The SST-700/900RH steam turbine is a two-case multi-stage, reheat condensing unit with a high efficiency blade path. The higher speed HP turbine drives the generator via a gearbox, while the IP/LP turbine is directly connected to the other end of the generator.

 

A water-cooled condenser is provided to condense the steam turbine exhaust and miscellaneous drains from the steam cycle. The condenser includes a vacuum system that utilizes liquid ring vacuum pumps. The condenser is designed to allow 100 percent steam bypass of the steam turbine.

 

A forced-draft, counter-flow cooling tower provides the heat sink for the steam cycle. The cooling tower transfers heat from the circulating cooling water by means of circulating water evaporation and sensible heating of the air.

 

Circulating water pumps maintain the water flow between the cooling tower and the condenser and other cooling water users.

 

The choice of technology was determined by the power demands of the mining operation as well as efficiency. According to Siemens and the plant owners, the combined cycle station has an electrical efficiency of 56.9%.

 

Grupo México has made a concerted effort to minimize environmental impacts by optimizing the efficiency of the entire facility. Heat from the water used to cool the flash furnace in the refining process is also recovered in a waste heat recovery boiler to generate steam for feeding a small 11.5MW Siemens turbine.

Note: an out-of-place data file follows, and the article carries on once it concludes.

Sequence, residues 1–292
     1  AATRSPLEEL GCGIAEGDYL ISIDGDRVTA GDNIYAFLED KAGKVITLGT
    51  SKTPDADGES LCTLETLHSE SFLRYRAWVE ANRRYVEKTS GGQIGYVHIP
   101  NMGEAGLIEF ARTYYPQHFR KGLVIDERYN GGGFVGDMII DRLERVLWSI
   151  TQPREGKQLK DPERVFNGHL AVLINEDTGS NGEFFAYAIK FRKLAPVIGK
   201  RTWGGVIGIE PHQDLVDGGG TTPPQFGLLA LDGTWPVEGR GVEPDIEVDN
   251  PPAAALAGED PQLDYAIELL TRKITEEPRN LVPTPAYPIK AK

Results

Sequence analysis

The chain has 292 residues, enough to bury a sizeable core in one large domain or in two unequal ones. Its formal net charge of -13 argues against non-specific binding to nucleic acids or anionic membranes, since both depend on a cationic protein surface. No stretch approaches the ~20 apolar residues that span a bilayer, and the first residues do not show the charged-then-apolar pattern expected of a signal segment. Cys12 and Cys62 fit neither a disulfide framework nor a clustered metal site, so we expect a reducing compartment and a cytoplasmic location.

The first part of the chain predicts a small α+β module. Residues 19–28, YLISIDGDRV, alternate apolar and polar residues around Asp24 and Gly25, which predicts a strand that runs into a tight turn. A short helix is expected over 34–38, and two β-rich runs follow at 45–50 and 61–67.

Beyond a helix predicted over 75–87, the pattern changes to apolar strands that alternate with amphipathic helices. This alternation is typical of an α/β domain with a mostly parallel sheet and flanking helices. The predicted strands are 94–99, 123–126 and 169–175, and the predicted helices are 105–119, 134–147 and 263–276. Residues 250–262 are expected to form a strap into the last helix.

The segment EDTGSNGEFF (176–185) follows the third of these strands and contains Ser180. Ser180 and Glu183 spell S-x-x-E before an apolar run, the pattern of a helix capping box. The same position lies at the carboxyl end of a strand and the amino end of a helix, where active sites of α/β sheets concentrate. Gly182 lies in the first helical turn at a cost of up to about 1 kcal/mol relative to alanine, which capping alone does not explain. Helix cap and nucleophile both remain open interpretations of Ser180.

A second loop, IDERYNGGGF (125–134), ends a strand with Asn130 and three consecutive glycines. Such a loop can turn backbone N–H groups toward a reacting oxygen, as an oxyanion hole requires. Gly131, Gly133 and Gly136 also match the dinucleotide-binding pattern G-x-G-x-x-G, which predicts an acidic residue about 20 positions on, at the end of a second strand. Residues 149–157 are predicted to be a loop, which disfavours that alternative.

The environmental impact of the plant was considered in the evaluation process and plant design. The gas turbine combustion system allows the plant to achieve NOx levels of ≤25 ppm complying with both Mexico and World Bank emissions standards.

 

Water for the power station will come from an underground source 2-3 km away and any effluent discharged will be treated in order to comply with the Mexican standards for discharged water.

 

Modularization

Lopez also noted that another key consideration for Grupo México was design of a plant that could be constructed in the shortest amount of time.

 

The construction time for each plant – with an 8-month stagger between Units I and II – was less than 30 months from the Notice to Proceed. This short schedule was achieved through extensive pre-fabrication and pre-assembly.

 

Lopez commented: “There are two options when constructing plants. Either you can ‘stick build it’ – where you bring all the materials to site and literally build it like a house – or you can build as much as possible off the construction site and bring it in as pre-assembled modules.”

 

Systems such as cooling units and pump and pipe systems were delivered to the construction site prefabricated and integrated into the other systems on site.

 

“It’s a case of shifting as much work as possible to a controlled environment and doing all the pre-assembly, quality control and shipping to the job site where only minor integration is then needed,” added Lopez.